Since we have the threat of the Avian Bird Flu and our yearly Inflenza Flu looming, I want to devote the next two blogs or so on Oregano. I will also devote one to Garlic and general guidelines to utilize when exposed to someone sick.
The ancient Greeks were among the first to take advantage of oregano's medicinal qualities. The Greeks termed the spice origanos, meaning "joy of the mountains."
The Greeks utilized this herb extensively as a medicine. Oregano was used as a favorite prescription by hundreds of ancient doctors. Conditions treated by the Greek doctors included trauma, open wounds, headaches, lung disorders, seizures, venomous bites, and congestive heart failure. It was regarded as a definitive cure for hemlock poisoning.
During the Middle Ages Islamic doctors developed hundreds of cures using both the Oregano Spice and oil. Over the history of time, it has been used over and over for a wide range of ailments from asthma, pneumonia, bronchitis, sinusitis, and cough.
In the Orient it is used to treat fever, vomiting, darrhea, skin rashes, and itchy skin.
Although there are a wide variety of plants that are confused with oregano-including marjoram, thyme and sage-true oregano grows wild in Mediterranean regions such as Greece. The wild oregano is the source of surprisingly potent oil of oregano.
In The Cure is in the Cupboard, Cass Ingram, D.O., has written a book that is dedicated to unveiling the health benefits of oregano and oil of oregano.
He notes that "wild oregano is a veritable natural mineral treasure-house, containing a density of minerals that would rival virtually any food." The wild oregano is rich in a long list of minerals that includes calcium, magnesium, zinc, iron, potassium, copper, boron, and manganese. Vitamins C and A (beta carotene) and niacin also are contained in oregano.
Of these minerals,it is relatively high in Magnesium, containing 280 mg per 100 grams. That is higher than in other foods such as cashews, peanuts, molasses, and whole grains. It is also very high in zinc and Potassium.
Judging from its mineral content alone, it isn't hard to figure out why oregano is such a valuable commodity. Consider some of oregano's other useful purposes and it becomes even more obvious.
"Oregano is one of Nature's finest preservatives." states Ingram in another book, Supermarket Remedies. The author suggests that if oregano is used with foods such as meat, eggs, milk, or salad, you "will greatly halt the growth of microbes and, thus, reduce the risk for food poisoning."
The key element in oregano is the oil, which Foster points out "contains carvacrol and thymol as the primary components." Foster attributes the "fungicidal and worm-expellant properties" of oil of oregano to carvacrol and thymol. "These two phenols may constitute as much as 90% of (the oil)."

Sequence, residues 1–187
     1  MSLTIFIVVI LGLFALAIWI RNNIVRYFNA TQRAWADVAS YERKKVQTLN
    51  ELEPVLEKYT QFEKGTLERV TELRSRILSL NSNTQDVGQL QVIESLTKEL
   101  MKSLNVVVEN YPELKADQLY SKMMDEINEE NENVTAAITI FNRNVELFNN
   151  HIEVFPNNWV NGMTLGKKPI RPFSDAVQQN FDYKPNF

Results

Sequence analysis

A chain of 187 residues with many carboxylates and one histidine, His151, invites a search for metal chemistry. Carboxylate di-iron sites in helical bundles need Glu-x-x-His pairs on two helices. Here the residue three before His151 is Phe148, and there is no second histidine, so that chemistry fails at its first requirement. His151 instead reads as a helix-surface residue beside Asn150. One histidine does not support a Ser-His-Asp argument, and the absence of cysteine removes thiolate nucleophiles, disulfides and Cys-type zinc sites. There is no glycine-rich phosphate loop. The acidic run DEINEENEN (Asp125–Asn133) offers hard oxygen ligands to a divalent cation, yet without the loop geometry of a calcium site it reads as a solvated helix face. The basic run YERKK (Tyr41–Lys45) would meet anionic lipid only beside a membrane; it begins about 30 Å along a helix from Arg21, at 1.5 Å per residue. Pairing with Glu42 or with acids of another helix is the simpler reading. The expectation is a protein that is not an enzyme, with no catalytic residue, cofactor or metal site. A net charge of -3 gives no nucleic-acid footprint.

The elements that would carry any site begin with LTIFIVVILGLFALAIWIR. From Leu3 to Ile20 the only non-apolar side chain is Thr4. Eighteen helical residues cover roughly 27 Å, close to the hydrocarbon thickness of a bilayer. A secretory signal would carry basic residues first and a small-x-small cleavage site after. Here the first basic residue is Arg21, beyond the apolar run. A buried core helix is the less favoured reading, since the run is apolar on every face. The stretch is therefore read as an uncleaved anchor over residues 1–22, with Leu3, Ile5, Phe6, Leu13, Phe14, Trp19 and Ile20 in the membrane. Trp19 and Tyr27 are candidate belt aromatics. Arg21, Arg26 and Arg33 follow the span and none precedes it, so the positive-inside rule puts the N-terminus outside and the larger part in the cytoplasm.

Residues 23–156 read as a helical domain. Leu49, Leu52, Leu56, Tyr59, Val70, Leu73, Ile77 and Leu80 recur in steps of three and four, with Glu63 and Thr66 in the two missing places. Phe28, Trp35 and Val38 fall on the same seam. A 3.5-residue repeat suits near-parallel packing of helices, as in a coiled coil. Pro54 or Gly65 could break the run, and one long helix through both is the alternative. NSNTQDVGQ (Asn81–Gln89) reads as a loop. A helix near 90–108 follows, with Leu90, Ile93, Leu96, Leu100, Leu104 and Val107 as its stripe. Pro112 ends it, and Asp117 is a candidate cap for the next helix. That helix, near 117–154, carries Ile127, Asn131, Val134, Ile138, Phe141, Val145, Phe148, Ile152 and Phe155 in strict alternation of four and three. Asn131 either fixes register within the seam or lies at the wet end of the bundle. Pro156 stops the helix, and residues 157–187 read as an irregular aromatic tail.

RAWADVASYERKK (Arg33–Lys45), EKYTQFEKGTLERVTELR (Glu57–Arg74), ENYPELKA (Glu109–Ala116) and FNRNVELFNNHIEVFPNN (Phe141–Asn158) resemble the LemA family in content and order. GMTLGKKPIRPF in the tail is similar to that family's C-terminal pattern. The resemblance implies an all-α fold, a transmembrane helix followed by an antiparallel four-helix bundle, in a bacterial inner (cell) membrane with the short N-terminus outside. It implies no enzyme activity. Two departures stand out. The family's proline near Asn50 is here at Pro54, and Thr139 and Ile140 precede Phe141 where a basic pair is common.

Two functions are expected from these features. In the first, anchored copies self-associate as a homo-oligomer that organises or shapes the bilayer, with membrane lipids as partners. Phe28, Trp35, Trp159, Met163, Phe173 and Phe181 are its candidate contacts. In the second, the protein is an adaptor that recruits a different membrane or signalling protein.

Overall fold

However, Ingram adds that these two phenols work "synergistically" and that is the reason "oil of oregano" packs a double punch in antiseptic powder and explains why it is infinitely more potent than commercial phenol in microbial killing power."
Another key element found in Oregano Oil are Terpenes. Terpenes are potent anitseptic, antiviral, and antiinflammatory agents. They act as natural anesthetics, which means they are capable of halting pain. Oil of Oregano contains dozens of Terpenes.
The last key ingredient are called Esters. They are noted for their antifungal powers. They also possess a mild sedative or relaxing effect and enhance blood flow in the body.
All of this helps make oregano oil a significant factor in treating internal and external fungi including athletes foot. Skin conditions such as psoriasis and eczema can be improved with the treatment as well. Ingram explains the astonishing discovery that "oil of oregano outright destroys all variety of fungi and yeasts, regardless of where they reside."
In addition to fighting various fungi, oil of oregano is useful against bacteria and parasites. As Ingram asserts, "oil of oregano's antiseptic powers are immense...it inhibits the growth of the majority of bacteria, something that prescription antibiotics fail to accomplish." In the case of parasites, oil of oregano has had success neutralizing worms, amoeba and protozoans.
Additional uses for oregano and oil of oregano are multi-dimensional. They have been found helpful in combating diarrhea, intestinal gas, and digestive problems, as well as sore throat and breathing difficulties. Oil of oregano can be immediate help against bee stings and many venomous bites until medical attention can be reached. Oil of oregano has even been suggested as a treatment for dandruff, diaper rash, and other skin disorders.
The benefits of oregano have gone largely unnoticed and underpublicized for far too long. As Ingram notes, oregano is "one of the world's finest natural medicines, that is if it's true oregano." So while oregano may hold the answer for a number of your health questions, be sure that it is in fact the real thing. Remember, these remedies are only attributed to genuine oregano and oil of oregano. Nonetheless, their values are much too important to overlook. Oregano may just be the thing you are searching for, or maybe didn't realize was available.
This is all for now. The next blog will be on the new studies using Oregano Oil and its power over Influenza Vius and Sars . There is a lot of current research available.
All for Now,